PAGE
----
As the century draws to a close, the time is ripe for the Magus to produce an heir. Using ghastly Cronenberg-tech, a team of doctor-priests (government subsidized, bien sur) implant parasitic alien seeds into Pamela Anderson—born on Vancouver Island on July 1st, 1967, and thus fated from birth to be Trudeau’s sacrificial bride.

Iä, Canada! What rough beast, its hour come round at last, slouches towards Ottawa to be born?

They really did call Trudeau “the Northern Magus” in real life. It’s hard to explain to non-Canucks the emotional significance Trudeaumania, or Expo ’67, or “fuddle duddle,” for that matter, used to have. Dearly loved and bitterly hated, the real life Trudeau already seems to me like he came from an alternate Canada. He wore a cape, for God’s sake! He dated (and I should think almost certainly nailed) Kim Cattrall, back when she was the hot teacher from Porky’s. While he was in office! He can’t possibly have come from the same country as the doughy mediocrities we have been electing ever since.

8 Comments

  1. We used to take our family vacations, every year without fail, either in Nova Scotia or at the big Canadian Shakespeare / Gilbert & Sullivan festival. Each year, I was allowed to buy one book on the trip. One year I picked up a collection of political cartoons by a guy named Ben Wicks, which featured a lot of jokes about Pierre Trudeau. I had no idea why they appealed to me, but they did.

    Now I know … and was not meant to know. The horror … the … horror …

  2. As I sit here and listen to Great Big Sea, Canada as Evil, Non-Euclidian Empire I can do:

    The dissidents against the regime would be the newly-awakened Druids of Cape Breton, the shamans of Mohawk Nation, and the secretly-rebellious demon-hunting Magic Cops of the RCMP (that one’s for and his Feng Shui character from college). Problem is, though, they all have to use dark magicks because the PM has changed the predominant magickal paradigm.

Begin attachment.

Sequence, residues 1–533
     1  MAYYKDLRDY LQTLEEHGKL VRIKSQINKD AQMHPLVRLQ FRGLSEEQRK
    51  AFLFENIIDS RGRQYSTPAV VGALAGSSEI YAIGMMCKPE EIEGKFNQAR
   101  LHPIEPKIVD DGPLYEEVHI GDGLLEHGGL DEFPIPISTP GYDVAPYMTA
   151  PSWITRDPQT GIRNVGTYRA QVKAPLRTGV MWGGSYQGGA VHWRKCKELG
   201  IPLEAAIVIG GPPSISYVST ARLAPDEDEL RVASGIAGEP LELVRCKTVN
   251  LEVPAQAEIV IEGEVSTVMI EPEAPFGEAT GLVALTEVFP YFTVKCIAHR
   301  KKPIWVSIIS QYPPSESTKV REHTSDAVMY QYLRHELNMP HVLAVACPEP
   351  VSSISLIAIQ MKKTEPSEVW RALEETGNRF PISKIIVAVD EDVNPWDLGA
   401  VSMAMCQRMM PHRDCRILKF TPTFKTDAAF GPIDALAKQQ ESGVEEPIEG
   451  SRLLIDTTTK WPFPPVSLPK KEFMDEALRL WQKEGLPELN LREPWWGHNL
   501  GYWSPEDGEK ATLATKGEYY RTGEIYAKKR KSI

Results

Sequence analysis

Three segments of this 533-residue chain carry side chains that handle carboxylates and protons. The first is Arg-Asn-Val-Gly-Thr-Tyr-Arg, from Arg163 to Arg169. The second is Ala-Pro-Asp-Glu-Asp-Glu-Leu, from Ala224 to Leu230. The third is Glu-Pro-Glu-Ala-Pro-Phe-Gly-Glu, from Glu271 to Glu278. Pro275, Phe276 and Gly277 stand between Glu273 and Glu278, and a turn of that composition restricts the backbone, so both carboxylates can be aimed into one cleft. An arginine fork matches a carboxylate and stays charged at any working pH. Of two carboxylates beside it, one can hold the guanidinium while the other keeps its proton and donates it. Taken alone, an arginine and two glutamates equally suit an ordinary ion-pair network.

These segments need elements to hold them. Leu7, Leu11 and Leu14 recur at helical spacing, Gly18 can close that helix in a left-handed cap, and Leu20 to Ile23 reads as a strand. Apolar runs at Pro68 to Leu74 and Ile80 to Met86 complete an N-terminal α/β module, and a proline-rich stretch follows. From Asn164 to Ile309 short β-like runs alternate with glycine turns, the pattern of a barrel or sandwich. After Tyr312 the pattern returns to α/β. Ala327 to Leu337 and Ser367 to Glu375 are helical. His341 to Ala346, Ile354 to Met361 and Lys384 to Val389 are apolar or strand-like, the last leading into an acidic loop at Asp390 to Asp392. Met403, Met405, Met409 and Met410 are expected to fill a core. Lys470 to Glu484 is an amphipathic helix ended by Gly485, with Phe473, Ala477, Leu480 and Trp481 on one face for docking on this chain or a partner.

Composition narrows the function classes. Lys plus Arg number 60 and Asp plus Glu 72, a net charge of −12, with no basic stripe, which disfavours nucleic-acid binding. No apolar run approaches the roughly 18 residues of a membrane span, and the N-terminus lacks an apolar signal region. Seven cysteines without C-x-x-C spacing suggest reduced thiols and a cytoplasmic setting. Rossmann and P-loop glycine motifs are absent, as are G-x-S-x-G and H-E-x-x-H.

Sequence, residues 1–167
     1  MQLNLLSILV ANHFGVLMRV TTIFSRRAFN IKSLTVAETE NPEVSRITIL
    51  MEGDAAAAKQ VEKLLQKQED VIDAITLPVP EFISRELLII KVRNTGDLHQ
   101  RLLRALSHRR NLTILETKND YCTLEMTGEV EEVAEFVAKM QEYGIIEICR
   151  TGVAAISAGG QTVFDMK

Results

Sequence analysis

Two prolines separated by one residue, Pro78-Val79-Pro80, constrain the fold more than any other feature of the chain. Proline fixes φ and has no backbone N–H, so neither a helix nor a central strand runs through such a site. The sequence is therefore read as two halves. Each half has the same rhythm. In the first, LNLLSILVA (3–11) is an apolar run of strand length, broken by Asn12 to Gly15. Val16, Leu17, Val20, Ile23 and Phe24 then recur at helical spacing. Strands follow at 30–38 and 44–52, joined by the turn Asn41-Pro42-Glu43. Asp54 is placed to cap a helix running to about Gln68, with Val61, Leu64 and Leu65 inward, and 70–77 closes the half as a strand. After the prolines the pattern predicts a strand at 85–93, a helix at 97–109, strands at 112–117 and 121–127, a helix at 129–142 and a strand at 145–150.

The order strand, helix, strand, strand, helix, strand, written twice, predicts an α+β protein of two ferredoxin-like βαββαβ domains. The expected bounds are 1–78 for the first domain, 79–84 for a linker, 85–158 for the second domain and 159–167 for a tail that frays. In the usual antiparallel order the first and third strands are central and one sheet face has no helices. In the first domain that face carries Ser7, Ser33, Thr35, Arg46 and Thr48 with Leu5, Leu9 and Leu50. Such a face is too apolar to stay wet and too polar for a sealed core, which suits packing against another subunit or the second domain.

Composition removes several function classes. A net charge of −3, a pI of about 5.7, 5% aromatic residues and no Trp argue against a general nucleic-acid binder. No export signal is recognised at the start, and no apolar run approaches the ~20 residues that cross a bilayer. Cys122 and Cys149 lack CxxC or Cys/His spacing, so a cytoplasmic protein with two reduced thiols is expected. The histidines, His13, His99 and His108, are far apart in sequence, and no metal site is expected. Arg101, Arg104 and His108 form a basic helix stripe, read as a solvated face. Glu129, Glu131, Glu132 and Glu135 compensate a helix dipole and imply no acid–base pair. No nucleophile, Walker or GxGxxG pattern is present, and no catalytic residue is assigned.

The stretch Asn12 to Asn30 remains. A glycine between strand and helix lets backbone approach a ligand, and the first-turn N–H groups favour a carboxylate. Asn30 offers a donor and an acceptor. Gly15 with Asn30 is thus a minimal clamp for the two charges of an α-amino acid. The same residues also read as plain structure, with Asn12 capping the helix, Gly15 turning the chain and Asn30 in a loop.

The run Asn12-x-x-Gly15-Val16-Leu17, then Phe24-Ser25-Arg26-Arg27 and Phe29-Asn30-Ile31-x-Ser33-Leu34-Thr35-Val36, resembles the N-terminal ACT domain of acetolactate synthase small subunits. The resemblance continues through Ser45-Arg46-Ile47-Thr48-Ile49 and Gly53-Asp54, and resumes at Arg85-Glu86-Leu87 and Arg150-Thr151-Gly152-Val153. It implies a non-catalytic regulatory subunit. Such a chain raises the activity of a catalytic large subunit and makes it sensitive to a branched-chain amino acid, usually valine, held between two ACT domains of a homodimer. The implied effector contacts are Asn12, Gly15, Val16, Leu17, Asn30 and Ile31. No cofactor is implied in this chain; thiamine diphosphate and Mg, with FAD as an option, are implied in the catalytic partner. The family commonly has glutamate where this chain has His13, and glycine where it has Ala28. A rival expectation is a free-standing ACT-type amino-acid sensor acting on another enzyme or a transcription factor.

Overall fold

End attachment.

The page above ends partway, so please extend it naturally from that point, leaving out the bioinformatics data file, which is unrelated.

Leaping from the tossed-off mention of Cronenberg, what is the deal with Canadian content on TV? There are some families who sit in front of the television all day, hypnotized, some say. I foresee families eaten whole by their TVs, especially south of the border. When that patriotic, Bud-drinking NFL fan can’t stop watching the CFL and trying to obsessively figure out “What the hell is a rouge?” and focusing on that mysterious 55-yard line, well, he’s a lost cause. There’s nothing left in the morning but his recliner and a bottle of Labatt’s. And let’s not even mention those kids in upstate New York and elsewhere who watched too much SCTV and became part of America’s most subversive comedy troupe.
    I could riff here on the 1979 “too many men on the ice” penalty between the Canadiens and the Bruins being some sort of intrusion of Dimensional Shamblers, but I’ve already had too much fun with this.

  3. Wait, I thought there were supposed to be 5 of these? Am I missing one? Or is this just more of your accursed northern Metric hoohah?

    Also, on the topic of Yogic Flyers…I hadn’t realized until recently their connection to the Natural Law Party, a group that ran John Hagelin for president a few years ago and to which I briefly belonged (before their Catastrophic Irrational Hatred of genetically modified food scared me off). He got about 0.12% of the vote! How frighteningly close to the White House they came! Now there’s an alternate history hook for you! Picture it: The US Army butt-hopping across Afghanistan in pursuit of the Taliban.

    Chris

  4. Quelle bête rugueuse, son heure viennent en rond enfin, slouches vers Ottawa à soutenir? René Lévesque, L’voûte-ennemi de Trudeau.

Comments are closed.